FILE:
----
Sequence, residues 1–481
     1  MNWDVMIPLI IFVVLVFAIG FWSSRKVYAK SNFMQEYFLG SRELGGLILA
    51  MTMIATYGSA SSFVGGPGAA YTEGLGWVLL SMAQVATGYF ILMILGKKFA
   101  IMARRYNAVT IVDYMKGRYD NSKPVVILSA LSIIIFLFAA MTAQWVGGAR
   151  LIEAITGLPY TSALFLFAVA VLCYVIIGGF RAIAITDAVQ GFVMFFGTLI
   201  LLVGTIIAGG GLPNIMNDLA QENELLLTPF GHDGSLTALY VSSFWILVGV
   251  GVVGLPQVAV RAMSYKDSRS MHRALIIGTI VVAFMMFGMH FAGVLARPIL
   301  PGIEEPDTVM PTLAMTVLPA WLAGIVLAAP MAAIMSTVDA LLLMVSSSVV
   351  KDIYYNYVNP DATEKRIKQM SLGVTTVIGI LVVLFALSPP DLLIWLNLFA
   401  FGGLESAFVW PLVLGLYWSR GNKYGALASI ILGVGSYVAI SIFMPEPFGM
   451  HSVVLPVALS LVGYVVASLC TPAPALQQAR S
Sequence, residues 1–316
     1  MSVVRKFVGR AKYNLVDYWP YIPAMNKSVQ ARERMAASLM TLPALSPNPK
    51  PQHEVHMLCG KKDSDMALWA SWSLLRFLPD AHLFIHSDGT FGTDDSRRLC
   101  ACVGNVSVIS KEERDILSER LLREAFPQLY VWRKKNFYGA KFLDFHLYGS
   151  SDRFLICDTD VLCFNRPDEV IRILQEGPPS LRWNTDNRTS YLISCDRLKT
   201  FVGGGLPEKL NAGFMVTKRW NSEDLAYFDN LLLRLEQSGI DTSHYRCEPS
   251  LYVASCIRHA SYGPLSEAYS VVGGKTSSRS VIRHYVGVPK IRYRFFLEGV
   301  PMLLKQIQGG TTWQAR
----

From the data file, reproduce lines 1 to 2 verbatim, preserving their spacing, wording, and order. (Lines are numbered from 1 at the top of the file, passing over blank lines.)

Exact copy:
Sequence, residues 1–481
     1  MNWDVMIPLI IFVVLVFAIG FWSSRKVYAK SNFMQEYFLG SRELGGLILA